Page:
Visual task performance using a monocular see-through head-mounted display (HMD) while walking

Terhi Mustonen*, Mikko Berg, Jyrki Kaistinen, Takashi Kawai, Jukka Häkkinen

*Corresponding author for this work

Research output: Contribution to journalArticlepeer-review

29 Citations (Scopus)


A monocular see-through head-mounted display (HMD) allows the user to view displayed information while simultaneously interacting with the surrounding environment. This configuration lets people use HMDs while they are moving, such as while walking. However, sharing attention between the display and environment can compromise a person's performance in any ongoing task, and controlling one's gait may add further challenges. In this study, the authors investigated how the requirements of HMDadministered visual tasks altered users' performance while they were walking. Twenty-four university students completed 3 cognitive tasks (high- and low-working memory load, visual vigilance) on an HMD while seated and while simultaneously performing a paced walking task in a controlled environment. The results show that paced walking worsened performance (d=, reaction time) in all HMD-administered tasks, but visual vigilance deteriorated more than memory performance. The HMD-administered tasks also worsened walking performance (speed, path overruns) in a manner that varied according to the overall demands of the task. These results suggest that people's ability to process information displayed on an HMD may worsen while they are in motion. Furthermore, the use of an HMD can critically alter a person's natural performance, such as their ability to guide and control their gait. In particular, visual tasks that involve constant monitoring of the HMD should be avoided. These findings highlight the need for careful consideration of the type and difficulty of information that can be presented through HMDs while still letting the user achieve an acceptable overall level of performance in various contexts of use.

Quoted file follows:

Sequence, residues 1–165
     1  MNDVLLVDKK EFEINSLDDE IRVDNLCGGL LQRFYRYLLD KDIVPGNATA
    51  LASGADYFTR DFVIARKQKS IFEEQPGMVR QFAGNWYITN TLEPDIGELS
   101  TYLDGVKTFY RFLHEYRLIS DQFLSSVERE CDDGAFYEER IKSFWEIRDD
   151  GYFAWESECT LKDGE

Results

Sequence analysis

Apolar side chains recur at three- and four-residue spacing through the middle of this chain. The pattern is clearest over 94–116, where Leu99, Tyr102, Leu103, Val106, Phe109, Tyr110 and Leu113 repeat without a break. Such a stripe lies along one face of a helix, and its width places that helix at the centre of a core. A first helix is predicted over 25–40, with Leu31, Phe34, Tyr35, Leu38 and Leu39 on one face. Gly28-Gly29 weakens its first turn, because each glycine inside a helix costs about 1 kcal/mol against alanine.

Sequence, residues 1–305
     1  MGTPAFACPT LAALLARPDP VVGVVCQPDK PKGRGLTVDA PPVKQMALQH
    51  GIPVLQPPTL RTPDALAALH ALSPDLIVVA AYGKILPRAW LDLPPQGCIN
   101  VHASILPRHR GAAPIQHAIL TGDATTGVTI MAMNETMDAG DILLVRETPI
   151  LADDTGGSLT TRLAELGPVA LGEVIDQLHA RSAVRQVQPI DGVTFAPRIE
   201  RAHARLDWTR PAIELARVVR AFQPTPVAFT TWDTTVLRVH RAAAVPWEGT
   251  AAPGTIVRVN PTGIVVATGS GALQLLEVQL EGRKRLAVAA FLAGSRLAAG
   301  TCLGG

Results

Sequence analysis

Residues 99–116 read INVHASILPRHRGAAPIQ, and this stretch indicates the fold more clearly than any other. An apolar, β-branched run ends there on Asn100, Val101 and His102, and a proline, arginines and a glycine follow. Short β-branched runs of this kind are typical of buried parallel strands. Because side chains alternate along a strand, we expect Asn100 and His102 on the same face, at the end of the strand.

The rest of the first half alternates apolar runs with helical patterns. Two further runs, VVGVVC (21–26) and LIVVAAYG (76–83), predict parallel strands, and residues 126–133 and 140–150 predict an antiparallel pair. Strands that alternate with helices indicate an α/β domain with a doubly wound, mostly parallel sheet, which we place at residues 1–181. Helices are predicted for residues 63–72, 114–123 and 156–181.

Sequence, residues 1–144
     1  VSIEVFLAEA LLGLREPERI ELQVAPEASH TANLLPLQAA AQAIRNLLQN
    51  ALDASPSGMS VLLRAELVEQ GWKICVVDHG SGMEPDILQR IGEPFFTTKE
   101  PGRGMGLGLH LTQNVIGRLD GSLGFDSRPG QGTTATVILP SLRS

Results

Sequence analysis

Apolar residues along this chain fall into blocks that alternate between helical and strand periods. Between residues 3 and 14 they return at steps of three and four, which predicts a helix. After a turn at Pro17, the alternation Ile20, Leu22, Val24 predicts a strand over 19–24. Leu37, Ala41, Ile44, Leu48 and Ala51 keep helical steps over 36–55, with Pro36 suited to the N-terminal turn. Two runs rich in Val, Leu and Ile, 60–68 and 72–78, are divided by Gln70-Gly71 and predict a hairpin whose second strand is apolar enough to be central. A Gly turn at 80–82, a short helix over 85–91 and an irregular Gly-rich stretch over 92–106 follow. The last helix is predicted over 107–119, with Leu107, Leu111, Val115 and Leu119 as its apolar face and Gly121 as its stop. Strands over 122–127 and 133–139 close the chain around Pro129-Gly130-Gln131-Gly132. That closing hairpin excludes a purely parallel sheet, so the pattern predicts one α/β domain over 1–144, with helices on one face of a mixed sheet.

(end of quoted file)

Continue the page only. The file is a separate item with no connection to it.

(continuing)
Original languageEnglish
Pages (from-to)333-344
Number of pages12
JournalJournal of Experimental Psychology: Applied
Issue number4
Publication statusPublished - 2013 Dec


  • Attention
  • Dual-task interference
  • Hmd
  • Postural control
  • Vigilance
  • Visual perception
  • Working memory

ASJC Scopus subject areas

  • Experimental and Cognitive Psychology


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